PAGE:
In fact, there have been people calling for Claritin to be available in non-prescription form for years. WellPoint Health Networks, a California-based HMO, asked the FDA as early as 1998 to switch the status of Claritin and its closely-related competitors, which were costing it $45 million a year (and its customers another $45 million in co-pays). WellPoint's petition marked the first time a third-party has ever been allowed to ask for a status change against a drug manufacturer's will, but ultimately the FDA refused to act.

At the time of the petition, Schering-Plough basically argued that Claritin wasn't safe enough for over-the-counter distribution; or as they more tactfully put it (in anticipation of their eventual flip-flop), a status change would have raised "serious questions about quality of care."

Of course that was a load of Schering, but as much fun as it would be to ask executives there why they are now suddenly willing to raise such "serious questions," you can hardly blame them for trying.

The pharmaceutical companies may be trying to game the system here, but it's the system that is broken. In the ideal world of Good Government types, the FDA would be able to rationally asses whether a drug was safe enough to be handled by consumers trolling the isles of their local CVS, put the safe ones out on the shelves, and keep the dangerous ones under lock and key. In the real world, however, the system has turned into an elaborate regulatory chess game with consumers pitted against Big Blue.

While Schering-Plough and other companies have a legitimate point to make about keeping control over how the drugs they produce are dispensed to patients, the system needs to be liberalized. The FDA should not be able to force companies to sell over-the-counter as WellPoint requested, but there should be more incentive for the companies to do so.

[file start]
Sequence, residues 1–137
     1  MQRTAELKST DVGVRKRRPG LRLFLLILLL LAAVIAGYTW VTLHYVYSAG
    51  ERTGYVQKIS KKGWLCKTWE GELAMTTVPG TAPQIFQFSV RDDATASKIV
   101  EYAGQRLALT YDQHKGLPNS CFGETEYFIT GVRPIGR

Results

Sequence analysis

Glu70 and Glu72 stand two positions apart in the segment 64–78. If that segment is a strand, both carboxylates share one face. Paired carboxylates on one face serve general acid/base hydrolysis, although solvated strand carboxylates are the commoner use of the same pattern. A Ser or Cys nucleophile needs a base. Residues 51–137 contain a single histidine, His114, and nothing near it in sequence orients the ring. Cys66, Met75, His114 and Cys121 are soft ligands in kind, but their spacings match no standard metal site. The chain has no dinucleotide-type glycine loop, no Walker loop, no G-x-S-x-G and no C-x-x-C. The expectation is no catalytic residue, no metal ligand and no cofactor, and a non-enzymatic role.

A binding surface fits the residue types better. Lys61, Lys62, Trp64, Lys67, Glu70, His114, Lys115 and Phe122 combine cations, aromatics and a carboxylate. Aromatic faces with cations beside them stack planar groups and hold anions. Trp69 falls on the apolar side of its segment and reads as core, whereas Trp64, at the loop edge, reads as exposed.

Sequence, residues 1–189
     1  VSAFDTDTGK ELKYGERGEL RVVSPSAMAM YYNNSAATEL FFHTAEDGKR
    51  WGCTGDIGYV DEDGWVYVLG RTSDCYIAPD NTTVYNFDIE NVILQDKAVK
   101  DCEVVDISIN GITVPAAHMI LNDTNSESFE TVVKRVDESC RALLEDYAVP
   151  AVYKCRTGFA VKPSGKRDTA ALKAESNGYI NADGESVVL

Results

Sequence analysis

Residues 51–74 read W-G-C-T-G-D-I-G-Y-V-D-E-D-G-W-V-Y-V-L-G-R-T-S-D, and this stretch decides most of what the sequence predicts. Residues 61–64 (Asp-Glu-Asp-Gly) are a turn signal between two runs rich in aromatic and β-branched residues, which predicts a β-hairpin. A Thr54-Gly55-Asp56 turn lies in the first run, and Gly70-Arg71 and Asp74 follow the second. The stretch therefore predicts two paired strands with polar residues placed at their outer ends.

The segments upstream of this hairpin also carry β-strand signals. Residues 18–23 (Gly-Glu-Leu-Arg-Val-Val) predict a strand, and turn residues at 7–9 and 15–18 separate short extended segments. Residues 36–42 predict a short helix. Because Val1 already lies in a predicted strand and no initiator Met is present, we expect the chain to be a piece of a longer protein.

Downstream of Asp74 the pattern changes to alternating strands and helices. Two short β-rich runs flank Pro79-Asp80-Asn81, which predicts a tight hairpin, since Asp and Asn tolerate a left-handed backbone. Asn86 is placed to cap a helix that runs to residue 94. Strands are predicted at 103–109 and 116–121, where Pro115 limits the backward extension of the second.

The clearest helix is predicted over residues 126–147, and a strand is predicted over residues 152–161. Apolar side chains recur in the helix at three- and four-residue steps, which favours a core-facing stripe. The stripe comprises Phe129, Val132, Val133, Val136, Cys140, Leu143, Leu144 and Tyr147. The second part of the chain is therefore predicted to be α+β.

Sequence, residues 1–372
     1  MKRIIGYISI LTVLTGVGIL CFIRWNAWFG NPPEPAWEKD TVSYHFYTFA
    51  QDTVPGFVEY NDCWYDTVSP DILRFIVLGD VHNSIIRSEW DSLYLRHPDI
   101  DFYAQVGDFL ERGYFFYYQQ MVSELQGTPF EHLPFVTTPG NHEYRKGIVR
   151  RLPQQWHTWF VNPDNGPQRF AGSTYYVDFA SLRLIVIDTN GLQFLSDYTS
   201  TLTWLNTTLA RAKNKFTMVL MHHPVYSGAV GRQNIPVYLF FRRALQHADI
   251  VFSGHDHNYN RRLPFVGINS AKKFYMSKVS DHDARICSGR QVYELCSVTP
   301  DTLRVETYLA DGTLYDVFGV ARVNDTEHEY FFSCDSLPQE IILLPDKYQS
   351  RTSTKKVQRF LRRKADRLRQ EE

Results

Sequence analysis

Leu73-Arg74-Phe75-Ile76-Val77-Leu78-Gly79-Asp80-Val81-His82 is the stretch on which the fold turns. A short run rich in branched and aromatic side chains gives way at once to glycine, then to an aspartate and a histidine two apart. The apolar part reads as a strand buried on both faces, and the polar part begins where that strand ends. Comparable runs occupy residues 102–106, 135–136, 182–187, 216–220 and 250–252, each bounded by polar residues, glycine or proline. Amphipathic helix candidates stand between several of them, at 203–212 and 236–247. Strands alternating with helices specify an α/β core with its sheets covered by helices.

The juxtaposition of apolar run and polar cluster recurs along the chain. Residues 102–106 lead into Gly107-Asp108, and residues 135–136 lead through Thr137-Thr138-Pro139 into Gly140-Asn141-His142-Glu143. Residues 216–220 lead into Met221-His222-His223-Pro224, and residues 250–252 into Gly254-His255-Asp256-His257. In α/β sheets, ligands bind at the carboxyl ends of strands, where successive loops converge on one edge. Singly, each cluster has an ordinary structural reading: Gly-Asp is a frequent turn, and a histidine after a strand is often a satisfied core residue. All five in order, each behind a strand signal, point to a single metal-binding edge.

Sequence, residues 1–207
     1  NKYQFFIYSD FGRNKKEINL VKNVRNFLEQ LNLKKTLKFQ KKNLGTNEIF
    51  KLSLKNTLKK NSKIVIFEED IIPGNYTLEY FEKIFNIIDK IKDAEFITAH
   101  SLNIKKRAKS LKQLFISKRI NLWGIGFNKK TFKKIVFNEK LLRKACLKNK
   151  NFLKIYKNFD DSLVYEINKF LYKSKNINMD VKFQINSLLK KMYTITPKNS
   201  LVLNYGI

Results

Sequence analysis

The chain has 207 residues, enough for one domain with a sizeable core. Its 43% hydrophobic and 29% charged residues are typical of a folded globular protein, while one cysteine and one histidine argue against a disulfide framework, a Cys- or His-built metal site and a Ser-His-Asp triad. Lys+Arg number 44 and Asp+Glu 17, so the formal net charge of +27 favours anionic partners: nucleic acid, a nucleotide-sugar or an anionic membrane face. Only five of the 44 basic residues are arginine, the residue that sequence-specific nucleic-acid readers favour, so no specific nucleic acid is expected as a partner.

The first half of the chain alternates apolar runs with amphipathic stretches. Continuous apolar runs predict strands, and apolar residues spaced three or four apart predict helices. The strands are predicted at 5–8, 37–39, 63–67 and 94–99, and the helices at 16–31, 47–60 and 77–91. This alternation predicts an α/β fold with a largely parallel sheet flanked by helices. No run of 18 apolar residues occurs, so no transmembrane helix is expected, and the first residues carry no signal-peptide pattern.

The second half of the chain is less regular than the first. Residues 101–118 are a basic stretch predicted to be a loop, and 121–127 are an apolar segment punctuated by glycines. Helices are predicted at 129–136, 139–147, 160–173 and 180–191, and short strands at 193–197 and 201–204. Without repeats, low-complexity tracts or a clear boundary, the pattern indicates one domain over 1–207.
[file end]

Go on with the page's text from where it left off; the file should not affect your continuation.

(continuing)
Shortening the duration of patents could be a sensible first step. Lowering the regulatory bar for companies that want to make their drugs available over-the-counter would be a second. (In 2000, the FDA refused to switch the status of two very safe cholesterol-lowering drugs, ensuring that fewer people would have access to them; also, oral contraceptives remain prescription drugs with very little justification.)

The benefits of moving more drugs over-the-counter would be manifold. Lower prices would be a given, and people could avoid many costly and inconvenient doctor visits (over half of all doctor visits result in prescriptions). Furthermore, people would be prone to take more responsibility for their own health. Facing high prescription drug prices, consumers have already started using billions of dollars worth of dietary supplements. If people are going to self-medicate, they might as well have access to something other than modern day snake oil.

There are certainly risks inherent in liberalizing - and the FDA, as with any government agency, has huge incentives to avoid risk - but when a system makes it cost $70 a month to keep away itchy eyes, it's time to consider some changes.